Review by Ian Keogh
Arkham Asylum has long been the place where Batman’s insane enemies are locked away, begun with good intentions, yet neither adequately secure or adequate in rehabilitating, so not fit for purpose long before the tragic A-Day. However, Gotham needs some facility of its nature. Should the replacement still bear the tarnished name? What should the approach be, incarceration or rehabilitation? And where should the funding come from?
That might not sound fascinating to anyone wanting to see Batman punch the Joker’s lights out, but it’s a surprisingly compelling background to a story about a renewed version of a threat Batman thought ended in Fear State. That’s not the case, and whereas previously a feral individual threatened Gotham, it’s now an infestation, a far more difficult threat to combat, or even campaign against. The primary creative team of Mariko Tamaki and Dan Mora supply three chapters of the main story, Mora’s gloopy ever-evolving depiction of the threat excellent, while Tamaki traps Mayor Nakano and Batman together in the sewers. The politician and the vigilante are natural enemies, and the resulting heart to heart may change Gotham going forward. Tamaki and Mora’s third chapter begins with forebodings about the new Arkham Tower, and ends puzzlingly with Batman leaving Gotham, which is inadequately explained if it’s not a teaser for what’s to come.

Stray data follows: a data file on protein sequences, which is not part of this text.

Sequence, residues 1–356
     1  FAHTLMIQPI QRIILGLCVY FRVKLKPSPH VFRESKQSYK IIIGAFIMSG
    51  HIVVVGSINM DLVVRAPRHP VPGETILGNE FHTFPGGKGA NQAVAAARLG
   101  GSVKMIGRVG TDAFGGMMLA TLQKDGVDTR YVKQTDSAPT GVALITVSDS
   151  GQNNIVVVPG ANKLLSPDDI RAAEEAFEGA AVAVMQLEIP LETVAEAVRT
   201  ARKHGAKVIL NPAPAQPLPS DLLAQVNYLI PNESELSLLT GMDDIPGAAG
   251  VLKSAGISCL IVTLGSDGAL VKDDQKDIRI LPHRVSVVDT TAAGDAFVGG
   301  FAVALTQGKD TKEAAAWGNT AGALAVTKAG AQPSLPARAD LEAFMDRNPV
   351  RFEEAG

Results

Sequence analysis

Three shorter back-up chapters by Stephanie Phillips and David Lapham provide the lead-in to Shadows of the Bat: The Tower. It’s clever and surprising in reminding it’s not just Batman and the city who have an interest in what occurs in Arkham.
A real understated gem closes this collection. Tamaki and Matthew Rosenberg co-write the story of the first real violence Bruce Wayne saw during his youth, and the legacy of that incident for several people. It feeds into the arguments about Arkham, has some great art from Lapham, always the consummate storyteller, and really hits the spot. Looking back to Bruce Wayne’s brief time with his parents has become if not quite clichéd yet, certainly an over-used story device, usually to no great purpose, but this succeeds. Violence is integral to Batman and his world, and exploring his first encounter with it proves very satisfying, with the present day scenes also relevant.
Batman’s in really safe hands with Tamaki, and both artists match her enthusiasm.